The three Csárdás
are amongst the most interesting of Liszt’s later works. Less free than the Hungarian Rhapsodies and more specifically Hungarian rather than gypsy in tone, full of spare lines, angular rhythms and the harmonies of the future, they point the way to Bartók. The first of them is a short Allegro which begins as if in A minor, passes to A major and, after much sequential modulation ends quietly but in an unsettled F sharp minor.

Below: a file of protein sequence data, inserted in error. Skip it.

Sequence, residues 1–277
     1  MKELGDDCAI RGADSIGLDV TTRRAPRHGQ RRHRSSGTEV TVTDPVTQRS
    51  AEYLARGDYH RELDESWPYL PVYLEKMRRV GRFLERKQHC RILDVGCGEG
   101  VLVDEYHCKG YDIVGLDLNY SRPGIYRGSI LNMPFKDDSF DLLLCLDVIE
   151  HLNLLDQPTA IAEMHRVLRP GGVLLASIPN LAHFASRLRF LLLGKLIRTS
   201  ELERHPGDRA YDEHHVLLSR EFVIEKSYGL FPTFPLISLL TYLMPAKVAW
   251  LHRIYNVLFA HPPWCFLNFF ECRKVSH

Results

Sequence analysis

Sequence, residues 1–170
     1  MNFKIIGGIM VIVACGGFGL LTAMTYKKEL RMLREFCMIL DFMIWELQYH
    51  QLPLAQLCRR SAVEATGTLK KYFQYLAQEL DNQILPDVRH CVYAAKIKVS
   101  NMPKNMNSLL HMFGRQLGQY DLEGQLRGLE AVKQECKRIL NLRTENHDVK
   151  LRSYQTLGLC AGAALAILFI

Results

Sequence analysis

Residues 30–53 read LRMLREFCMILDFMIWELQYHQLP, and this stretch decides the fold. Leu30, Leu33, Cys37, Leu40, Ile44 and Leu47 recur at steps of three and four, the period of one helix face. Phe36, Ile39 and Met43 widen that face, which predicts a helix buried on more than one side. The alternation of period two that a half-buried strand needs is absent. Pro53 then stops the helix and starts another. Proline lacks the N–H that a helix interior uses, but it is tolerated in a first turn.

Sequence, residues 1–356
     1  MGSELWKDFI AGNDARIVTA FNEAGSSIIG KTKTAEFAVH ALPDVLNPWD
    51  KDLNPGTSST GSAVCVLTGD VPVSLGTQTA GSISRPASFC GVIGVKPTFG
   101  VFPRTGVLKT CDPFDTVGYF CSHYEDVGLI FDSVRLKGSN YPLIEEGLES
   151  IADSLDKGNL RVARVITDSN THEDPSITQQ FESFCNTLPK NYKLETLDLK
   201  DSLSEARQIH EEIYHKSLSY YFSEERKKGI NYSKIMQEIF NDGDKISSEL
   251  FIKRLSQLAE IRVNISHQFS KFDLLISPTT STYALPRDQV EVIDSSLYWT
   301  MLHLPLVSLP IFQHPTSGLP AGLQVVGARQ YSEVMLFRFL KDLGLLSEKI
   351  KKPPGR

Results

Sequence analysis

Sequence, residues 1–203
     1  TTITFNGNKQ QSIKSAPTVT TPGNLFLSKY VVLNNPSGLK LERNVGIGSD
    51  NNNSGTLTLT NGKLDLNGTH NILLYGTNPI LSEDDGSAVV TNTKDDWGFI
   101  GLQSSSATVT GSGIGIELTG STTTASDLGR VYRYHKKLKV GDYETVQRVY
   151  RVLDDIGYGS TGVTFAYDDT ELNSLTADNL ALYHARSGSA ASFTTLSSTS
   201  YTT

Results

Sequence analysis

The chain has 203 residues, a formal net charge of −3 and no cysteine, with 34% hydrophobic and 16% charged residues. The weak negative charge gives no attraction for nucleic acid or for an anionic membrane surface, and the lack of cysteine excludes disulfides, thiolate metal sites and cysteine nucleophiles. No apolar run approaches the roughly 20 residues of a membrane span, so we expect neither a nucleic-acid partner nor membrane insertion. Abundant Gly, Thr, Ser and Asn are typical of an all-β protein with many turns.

from notes by Leslie Howard © 1994